Comb Ridge Pastel on paper Akiko Hirano
Akiko Hirano & Tim Wong
Kuro-e stands breathless on top of Comb Ridge, an almost hundred-mile-long monocline that bisects the eastern corners of Utah and Arizona. To the north, the jagged ridgeline stretches out towards Abajo Mountains. To the south, the formation disappears over the horizon, reaching all the way to Monument Valley fifty miles away. Pinyon-covered Cedar Mesa to the west - now part of the Bear Ears National Monument – holds centuries-old Anasazi cliff dwellings in every canyon. Behind her, far beyond the red desert, snow-capped mountains in Colorado line the horizon a hundred miles away. The often-dry Comb Wash, fringed with green tamarisks, meanders along the ridge to join San Juan River. As far as eye can see, the only man-made structure is a two-lane highway that cuts a graceful arc through Comb Ridge towards Arizona.
On that highway, just below the ridge, stands a modest stone historical marker labeled Hobbs Wash. In the fall of 1879, 250 Mormon men, women, and children in 83 wagons embarked on one of the most audacious journeys over some of the most inhospitable uncharted terrains from Escalante to Bluff, Utah. The caravan was stopped by sheer cliffs that plunged almost 2,000-feet into the Colorado River gorge. Four men, led by George Hobbs, were sent to scout for a feasible route. On December 27, the four men arrived at a canyon under Comb Ridge, out of food, freezing and exhausted. Not knowing if he would survive, Hobbs carved his name on a rock. Eventually, they reached Montezuma (near present day Bluff) and returned to report to the main party. The following year, the main party blasted an exceedingly precarious route down the sheer cliffs at Hole-in-the-Rock and followed Hobbs’ route to reach Bluff. The 180-mile-long Hole-in-the-Rock Trail from Escalante to Bluff stands as a testament of the undaunted faith and courage of human spirits.
Lithics & pottery shards Photo Tim Wong
Long before the Hole-in-the-Rock expedition, Comb Ridge has been a formidable obstacle for Native Americans traveling across the region. Anasazi had created pathways across this barrier. One such possible pathway lies some ten miles north of where Kuro-e stands. She once followed a sandy path that cut through blackbrush on the east side of the range. A trail of broken pottery and stone flints half-buried in the sand led towards one of the many canyons along the range. She followed it and entered a gully dotted with greasewood and Mormon tea. As she continued, the gully deepened into a wide canyon surrounded by massive curvaceous sandstone cliffs hundreds of feet tall. Dark striated desert varnish decorated the orange cliffs. Hollow alcoves stared down at her like watchful eyes. Gnarly junipers grew from rocky niches and basins. After a couple of miles, she topped out on a broad saddle dotted with stands of blackbrush. The trail continued through the bushes straight to the edge of the ridge overlooking Comb Wash on the other side. She realized this could be an ancient pathway connecting the east and west sides of Comb Ridge.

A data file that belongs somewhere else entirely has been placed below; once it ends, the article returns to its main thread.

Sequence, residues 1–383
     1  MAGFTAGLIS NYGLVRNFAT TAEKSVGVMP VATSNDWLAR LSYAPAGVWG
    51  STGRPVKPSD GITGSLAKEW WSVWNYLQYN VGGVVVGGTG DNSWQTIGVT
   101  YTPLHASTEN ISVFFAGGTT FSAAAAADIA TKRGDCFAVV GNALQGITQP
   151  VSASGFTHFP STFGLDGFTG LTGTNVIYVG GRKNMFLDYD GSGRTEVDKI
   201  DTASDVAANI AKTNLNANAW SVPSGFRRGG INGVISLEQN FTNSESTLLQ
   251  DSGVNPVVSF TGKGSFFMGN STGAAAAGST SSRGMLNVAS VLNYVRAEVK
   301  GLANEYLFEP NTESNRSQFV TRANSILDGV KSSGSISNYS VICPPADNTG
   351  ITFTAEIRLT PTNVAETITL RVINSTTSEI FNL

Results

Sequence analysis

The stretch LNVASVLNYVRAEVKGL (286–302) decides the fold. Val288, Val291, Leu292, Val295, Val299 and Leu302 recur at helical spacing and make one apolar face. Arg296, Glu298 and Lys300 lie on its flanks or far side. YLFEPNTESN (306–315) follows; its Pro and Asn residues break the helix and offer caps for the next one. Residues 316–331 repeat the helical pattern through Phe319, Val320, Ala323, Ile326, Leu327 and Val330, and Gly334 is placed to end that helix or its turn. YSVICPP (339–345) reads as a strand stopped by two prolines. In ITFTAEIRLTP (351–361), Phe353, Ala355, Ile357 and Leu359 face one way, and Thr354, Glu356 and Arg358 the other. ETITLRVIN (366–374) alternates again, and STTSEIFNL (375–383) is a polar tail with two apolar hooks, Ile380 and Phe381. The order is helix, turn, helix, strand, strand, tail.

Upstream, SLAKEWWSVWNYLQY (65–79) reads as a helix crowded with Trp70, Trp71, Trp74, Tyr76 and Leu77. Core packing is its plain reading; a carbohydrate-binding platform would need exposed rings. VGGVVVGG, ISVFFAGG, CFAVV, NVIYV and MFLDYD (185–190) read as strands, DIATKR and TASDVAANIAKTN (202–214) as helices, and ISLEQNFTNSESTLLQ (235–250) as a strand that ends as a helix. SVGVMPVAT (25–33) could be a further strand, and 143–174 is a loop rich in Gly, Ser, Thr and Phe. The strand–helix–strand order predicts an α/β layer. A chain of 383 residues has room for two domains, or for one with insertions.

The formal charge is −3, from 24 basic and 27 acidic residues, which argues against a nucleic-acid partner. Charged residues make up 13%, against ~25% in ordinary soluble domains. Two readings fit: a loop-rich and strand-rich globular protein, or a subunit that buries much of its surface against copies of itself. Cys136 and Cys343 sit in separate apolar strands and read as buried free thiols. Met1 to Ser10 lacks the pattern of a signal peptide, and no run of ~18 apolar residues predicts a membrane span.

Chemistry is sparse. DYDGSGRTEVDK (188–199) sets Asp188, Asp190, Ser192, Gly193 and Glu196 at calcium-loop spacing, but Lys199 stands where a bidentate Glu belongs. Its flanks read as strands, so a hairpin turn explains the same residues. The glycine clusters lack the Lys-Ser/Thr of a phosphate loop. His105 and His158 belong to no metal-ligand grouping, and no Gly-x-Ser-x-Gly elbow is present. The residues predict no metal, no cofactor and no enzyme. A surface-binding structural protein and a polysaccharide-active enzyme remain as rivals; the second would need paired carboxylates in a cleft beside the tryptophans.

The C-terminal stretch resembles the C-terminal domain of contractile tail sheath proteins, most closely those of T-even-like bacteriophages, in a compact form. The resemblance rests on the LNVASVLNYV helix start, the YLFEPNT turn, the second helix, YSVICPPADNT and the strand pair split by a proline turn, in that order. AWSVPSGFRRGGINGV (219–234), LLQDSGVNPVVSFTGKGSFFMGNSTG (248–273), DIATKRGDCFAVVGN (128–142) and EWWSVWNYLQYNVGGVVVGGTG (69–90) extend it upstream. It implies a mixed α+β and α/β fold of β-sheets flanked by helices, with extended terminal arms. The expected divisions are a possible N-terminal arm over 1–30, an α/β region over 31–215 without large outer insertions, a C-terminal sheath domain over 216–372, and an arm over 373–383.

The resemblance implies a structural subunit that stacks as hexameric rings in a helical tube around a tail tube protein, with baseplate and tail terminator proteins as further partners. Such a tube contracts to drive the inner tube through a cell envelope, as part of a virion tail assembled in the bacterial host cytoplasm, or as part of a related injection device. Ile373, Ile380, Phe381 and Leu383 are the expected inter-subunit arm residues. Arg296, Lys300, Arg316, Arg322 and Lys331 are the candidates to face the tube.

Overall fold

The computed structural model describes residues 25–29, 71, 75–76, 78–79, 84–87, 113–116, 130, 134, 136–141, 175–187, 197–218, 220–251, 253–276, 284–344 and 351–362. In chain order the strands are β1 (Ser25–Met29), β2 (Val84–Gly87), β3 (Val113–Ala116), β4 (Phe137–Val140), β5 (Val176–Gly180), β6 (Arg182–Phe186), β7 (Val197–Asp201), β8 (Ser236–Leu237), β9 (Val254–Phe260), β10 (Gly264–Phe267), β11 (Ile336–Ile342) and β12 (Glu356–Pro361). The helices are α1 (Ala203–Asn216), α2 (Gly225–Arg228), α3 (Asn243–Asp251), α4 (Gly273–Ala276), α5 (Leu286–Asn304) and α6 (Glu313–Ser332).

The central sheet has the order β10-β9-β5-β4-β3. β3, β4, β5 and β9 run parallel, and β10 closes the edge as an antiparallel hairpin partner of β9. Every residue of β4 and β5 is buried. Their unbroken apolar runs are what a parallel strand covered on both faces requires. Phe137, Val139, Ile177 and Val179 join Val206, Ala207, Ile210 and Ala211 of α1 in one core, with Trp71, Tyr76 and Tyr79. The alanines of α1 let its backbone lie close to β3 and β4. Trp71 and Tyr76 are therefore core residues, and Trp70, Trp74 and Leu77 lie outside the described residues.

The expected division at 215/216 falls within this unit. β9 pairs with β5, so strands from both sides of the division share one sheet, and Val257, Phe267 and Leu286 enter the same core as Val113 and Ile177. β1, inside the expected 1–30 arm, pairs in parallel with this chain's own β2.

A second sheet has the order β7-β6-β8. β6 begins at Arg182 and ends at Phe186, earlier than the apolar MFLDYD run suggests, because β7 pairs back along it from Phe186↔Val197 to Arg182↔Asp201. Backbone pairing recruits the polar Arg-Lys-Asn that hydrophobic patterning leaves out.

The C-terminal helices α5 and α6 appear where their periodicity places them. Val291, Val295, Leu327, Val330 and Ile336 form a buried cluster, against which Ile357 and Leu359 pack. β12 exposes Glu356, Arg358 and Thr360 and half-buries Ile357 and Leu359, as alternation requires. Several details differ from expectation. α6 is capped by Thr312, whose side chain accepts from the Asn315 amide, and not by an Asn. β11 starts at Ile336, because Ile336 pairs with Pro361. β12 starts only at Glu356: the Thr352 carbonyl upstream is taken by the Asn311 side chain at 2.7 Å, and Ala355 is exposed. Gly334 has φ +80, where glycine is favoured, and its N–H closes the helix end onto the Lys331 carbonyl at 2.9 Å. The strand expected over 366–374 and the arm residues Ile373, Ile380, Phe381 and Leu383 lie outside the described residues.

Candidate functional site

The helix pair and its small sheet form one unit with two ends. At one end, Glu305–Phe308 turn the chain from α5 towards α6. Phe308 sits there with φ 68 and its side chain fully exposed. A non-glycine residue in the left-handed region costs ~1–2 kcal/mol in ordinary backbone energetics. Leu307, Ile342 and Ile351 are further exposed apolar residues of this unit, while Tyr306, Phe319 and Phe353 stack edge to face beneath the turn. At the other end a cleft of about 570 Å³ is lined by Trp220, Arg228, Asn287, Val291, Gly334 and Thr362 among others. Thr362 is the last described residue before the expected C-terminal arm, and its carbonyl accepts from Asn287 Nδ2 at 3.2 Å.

A broad stone ramp rose from the saddle to the ridge crest. Under the crest was a large alcove cradling an Anasazi ruin. She scrambled up the slickrock to investigate. The site had a commanding view of the path below and the territory beyond. The buildings themselves were badly eroded, only some walls remained standing. The main structure was an unusually large rectangular room with rounded front corners. It was much larger than the typical living quarter in the area. Its backwall built on top of a flat boulder, the interior walls nicely smoothened. Behind the backwall were several smaller rooms, mostly collapsed. She found a few unpainted pottery shards and corn cobs around the dirt floor. Curiously, this ruin did not have a kiva. There were no implements for grinding corns common in most other ruins in the area, nor were the walls blackened by wood fires. There were also no pictographs and tool-sharpening grooves at the site, nor any water source nearby. She wondered if this was not a long-term residence, but a stopover for travelers crossing the ridge. If so, the large room might be meant for a traveling party.
Faint rumbling of a diesel engine brings Kuro-e’s thoughts back to the present. She looks down at the road below and catches a big tour bus making its way along the wide curve. Built in the 1970s, that two-lane highway is route 163, a thoroughfare that brings modern travelers and tourists to Arizona, right through the iconic landscape of the Monument Valley. Few would notice the Hobbs marker or remember that four men almost gave their lives blazing a trail to reach here barely over a century ago.
Ridgetop Ruin Pastel on paper Akiko Hirano